FLO Takes ‘The Lead’ In Washington, D.C. On Their First North American Tour

Photo Credit: DLD Photography

London-based R&B trio FLO has taken the music world by storm in the year since the release of their contagious single “Cardboard Box” and their subsequent debut EP The Lead. Although the world has taken notice of their talent, they had yet to prove themselves in front of live audiences. That changed last week when they embarked on their first-ever North American tour

After their initial tour stop in Atlanta, Jorja Douglas, Stella Quaresma and Renée Downer made their way to Washington, D.C. for a concert at the historic 9:30 Club. The venue hosted another event earlier that evening, so the doors didn’t open for this show until after 10 p.m. That did not deter FLO-lifers, as the line wrapped around multiple city blocks, and according to a 9:30 Club employee, the first group of fans showed up 10 hours before the doors opened to secure their spot near the stage. This is indicative of the momentum FLO has right now and just how enthusiastic their fans are to see them perform. 

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Once the sold-out crowd made their way into the venue, they witnessed a solid, energetic performance from Samaria. She hooked the audience early and kept them engaged throughout her 30-minute set. 

Once Samaria finished, the crew prepped the stage for the main event. After a few minutes of the crowd chanting “FLO!” off and on, it was finally showtime. The stage lights came down, triggering what seemed like pandemonium as FLO’s band calmly took their places on the stage and began to play.

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Jorja, Stella and Renée soon appeared one by one and took their places on a platform at the rear of the stage. They donned coordinating royal blue outfits and white boots as they stood in front of their custom gray and black backdrop. They appeared to take a second to soak it all in before proceeding to give the raucous crowd what they came for.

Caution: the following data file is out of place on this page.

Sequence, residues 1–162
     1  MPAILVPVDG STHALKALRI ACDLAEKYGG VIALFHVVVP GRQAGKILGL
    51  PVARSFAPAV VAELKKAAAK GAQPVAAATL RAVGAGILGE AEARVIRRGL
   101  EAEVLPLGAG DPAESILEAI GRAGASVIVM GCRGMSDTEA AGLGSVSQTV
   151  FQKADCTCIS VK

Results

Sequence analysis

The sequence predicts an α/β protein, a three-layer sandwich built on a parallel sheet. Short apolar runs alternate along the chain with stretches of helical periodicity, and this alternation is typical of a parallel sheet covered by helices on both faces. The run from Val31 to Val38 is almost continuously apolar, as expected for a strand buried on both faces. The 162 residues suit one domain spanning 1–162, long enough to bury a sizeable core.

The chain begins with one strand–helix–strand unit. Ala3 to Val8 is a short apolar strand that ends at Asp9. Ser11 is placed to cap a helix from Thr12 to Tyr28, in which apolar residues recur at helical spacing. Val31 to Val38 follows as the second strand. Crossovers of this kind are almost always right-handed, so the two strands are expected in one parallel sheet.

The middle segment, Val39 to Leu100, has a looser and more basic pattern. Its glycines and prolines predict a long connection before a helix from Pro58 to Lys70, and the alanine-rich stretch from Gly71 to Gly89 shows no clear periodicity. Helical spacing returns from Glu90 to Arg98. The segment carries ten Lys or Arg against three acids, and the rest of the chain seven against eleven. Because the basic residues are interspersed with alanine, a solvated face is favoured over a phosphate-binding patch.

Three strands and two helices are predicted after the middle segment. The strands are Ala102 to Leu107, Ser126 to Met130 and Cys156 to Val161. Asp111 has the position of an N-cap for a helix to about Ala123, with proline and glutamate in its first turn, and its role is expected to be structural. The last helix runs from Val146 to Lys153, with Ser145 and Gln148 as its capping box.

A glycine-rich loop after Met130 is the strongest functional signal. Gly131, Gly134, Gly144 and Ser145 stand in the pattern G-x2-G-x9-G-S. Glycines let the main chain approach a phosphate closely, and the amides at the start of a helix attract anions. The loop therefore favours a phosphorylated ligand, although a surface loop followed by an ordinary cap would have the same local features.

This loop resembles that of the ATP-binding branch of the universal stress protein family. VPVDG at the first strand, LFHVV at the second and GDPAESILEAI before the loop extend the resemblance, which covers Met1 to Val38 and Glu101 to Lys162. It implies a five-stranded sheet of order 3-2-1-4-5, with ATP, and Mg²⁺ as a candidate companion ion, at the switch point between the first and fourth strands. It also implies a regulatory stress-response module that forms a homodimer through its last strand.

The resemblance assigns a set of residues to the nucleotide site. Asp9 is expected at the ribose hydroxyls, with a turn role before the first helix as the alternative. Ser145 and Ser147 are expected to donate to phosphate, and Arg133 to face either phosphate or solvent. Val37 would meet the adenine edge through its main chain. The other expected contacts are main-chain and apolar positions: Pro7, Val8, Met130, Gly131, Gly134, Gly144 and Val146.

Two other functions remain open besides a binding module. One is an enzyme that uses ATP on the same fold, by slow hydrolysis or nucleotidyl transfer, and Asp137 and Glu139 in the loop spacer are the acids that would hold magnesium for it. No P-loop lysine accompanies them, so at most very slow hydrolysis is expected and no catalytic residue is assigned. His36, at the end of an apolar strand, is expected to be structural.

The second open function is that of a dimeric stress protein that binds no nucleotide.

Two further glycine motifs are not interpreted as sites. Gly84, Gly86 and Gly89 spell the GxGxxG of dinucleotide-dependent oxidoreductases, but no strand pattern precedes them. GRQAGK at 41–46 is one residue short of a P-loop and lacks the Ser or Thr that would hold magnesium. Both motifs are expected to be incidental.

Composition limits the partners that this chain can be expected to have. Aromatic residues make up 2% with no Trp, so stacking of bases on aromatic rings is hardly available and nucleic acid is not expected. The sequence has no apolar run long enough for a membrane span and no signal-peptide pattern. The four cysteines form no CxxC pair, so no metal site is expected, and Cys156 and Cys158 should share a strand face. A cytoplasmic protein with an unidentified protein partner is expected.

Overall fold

The ladies started off with the melodic cut “Not My Job,” which allowed them to flex with their amazing harmony. Women comprised most of the audience, and it was evident that the song’s lyrics resonated fully. The next few songs included the banger “Immature” and the beautiful acoustic ballad “Another Guy.” 

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The stage crew brought out chairs for the ladies to sit in as they sang “Feature Me” and the unreleased song “Control Freak.” The trio left the stage briefly and allowed the band to stretch out a little before they returned to get lit on “Summertime,” which most definitely qualifies as an anthem. FLO got up close and personal with the crowd as they sat at the front of the stage and performed another new track, the mid-tempo ballad “Change.” 

When the audience recognized the guitar riff for the infectious ballad “Losing You,” they took it to another level as they sang each word along with FLO. As a change of pace, the trio paid homage to fellow Brit Jamelia as they performed a cover of her 2003 song “Superstar.” Sensing that the crowd may not know this one, they spent a few minutes teaching concertgoers the chorus, which further solidified their already strong connection with those in attendance. 

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To finish their amazing set, FLO delivered the two songs most had been waiting for: “Fly Girl,” their current single and banging collab with the legendary Missy Elliott, and their very first release, the now classic “Cardboard Box.” With that, the ladies thanked the still-buzzing crowd and left the stage. The show lasted about an hour and no doubt left the audience wanting more. 

FLO’s North American tour is brief (only seven cities in two weeks), and most dates sold out before they even set foot on U.S. soil. If you get a chance to see them on this tour, consider yourself blessed. Their harmonies are incredible and take us back to the glory days of R&B girl groups in the ’90s. FLO has not only taken the lead in a girl group renaissance, they’re taking it period.

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